In October of 2018, Aston Martin reported that it had sold the tooling and intellectual property of the Vanquish to a mystery buyer for $26 million. Now, Aston Martin has reported that the mystery buyer was Detroit Electric and, well, Aston shareholders may not actually be seeing most of that $26 million.
According to Automotive News Europe—and spotted by Motor1—the company submitted a provision for doubtful debt of 19 million British pounds. Essentially, they’re saying that they no longer expect to make the money they reported as income when the deal was inked.
Detroit Electric, which the name makes totally clear is based in Hong Kong, was supposed to receive the plans, equipment and consulting expertise required to turn the Vanquish bodywork into a new EV. But by the time the deal was reported, the company was already late on its payments.
From the story:
With contracts inked, Aston Martin said it expected the cash to arrive in 5 million pound twice-yearly installments. In hindsight, it was not a good sign that the first of these payments was already overdue at the time the prospectus was published.
More than a year after the contract was agreed, Aston Martin has acknowledged that it may never recover the bulk of the money. A disappointing set of results published last month included a one-off 19 million pound provision for doubtful debt.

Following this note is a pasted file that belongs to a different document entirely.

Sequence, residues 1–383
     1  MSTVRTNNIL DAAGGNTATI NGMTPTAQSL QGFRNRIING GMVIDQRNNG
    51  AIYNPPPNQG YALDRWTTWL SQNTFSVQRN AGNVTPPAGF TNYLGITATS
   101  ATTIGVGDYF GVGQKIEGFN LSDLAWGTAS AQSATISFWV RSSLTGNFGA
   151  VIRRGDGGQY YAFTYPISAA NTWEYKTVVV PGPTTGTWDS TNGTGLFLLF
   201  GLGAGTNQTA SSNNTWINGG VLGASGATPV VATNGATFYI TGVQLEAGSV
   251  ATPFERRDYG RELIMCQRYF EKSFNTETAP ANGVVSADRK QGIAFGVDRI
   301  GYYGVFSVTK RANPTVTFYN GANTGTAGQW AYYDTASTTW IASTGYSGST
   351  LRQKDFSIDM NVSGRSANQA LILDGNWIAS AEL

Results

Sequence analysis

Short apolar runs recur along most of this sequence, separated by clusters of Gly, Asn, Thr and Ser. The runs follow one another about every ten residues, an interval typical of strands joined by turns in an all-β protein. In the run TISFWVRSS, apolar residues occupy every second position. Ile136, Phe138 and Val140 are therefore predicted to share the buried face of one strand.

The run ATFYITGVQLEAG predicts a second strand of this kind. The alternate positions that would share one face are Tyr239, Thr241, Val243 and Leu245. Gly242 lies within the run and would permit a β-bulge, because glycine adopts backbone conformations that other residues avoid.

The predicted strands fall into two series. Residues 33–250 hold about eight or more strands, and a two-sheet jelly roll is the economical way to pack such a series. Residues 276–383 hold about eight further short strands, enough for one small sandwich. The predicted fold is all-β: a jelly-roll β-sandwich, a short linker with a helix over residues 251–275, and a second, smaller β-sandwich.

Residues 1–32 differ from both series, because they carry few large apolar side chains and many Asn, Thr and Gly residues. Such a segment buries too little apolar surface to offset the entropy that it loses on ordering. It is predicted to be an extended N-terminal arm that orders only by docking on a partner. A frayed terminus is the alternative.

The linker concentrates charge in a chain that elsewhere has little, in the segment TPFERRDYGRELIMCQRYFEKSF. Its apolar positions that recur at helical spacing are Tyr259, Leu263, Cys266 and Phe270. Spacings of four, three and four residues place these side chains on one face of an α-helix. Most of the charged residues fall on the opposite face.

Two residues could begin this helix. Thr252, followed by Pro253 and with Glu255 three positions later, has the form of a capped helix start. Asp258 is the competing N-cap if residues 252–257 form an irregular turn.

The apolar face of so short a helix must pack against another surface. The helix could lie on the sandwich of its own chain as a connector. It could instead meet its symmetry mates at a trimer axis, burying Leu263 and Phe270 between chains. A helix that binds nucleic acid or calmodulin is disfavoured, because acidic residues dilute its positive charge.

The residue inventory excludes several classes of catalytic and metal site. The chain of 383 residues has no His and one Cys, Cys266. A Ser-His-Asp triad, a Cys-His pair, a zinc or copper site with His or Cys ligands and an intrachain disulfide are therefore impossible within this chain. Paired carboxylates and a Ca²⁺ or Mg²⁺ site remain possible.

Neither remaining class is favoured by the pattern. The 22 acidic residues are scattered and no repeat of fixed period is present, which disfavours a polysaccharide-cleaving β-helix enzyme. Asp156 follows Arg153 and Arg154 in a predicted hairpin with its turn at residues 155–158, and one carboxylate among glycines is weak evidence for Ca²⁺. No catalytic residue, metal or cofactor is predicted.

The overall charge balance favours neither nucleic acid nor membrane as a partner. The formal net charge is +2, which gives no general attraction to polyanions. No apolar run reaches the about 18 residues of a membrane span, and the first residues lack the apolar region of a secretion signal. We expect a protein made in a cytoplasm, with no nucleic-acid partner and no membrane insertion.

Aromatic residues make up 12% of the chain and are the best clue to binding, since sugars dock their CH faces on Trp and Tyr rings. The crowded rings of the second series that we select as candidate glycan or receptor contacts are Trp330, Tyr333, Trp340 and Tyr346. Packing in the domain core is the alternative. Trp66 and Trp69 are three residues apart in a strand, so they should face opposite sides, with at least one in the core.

[...] Attempts to reach Detroit Electric for comment were unsuccessful. The latest available accounts of Detroit Electric’s UK subsidiary show a loss and net liabilities for the 2017 financial year, while indicating that financial support from group companies remained available.
It’s unclear whether Detroit Electric was unable come up with the cash or chose not to pay, but considering the difficulty Western companies have with legally going after Chinese companies, Aston isn’t expecting to see any more cash from the deal.
That’s extra tough considering that Aston is one of the few remaining independent auto companies. Not only that, but its stock has been hit hard by the company’s high debt to income ratio. Erasing $20 million of income won’t help that.
They’re looking for a new buyer if, ya know, you’re in the market.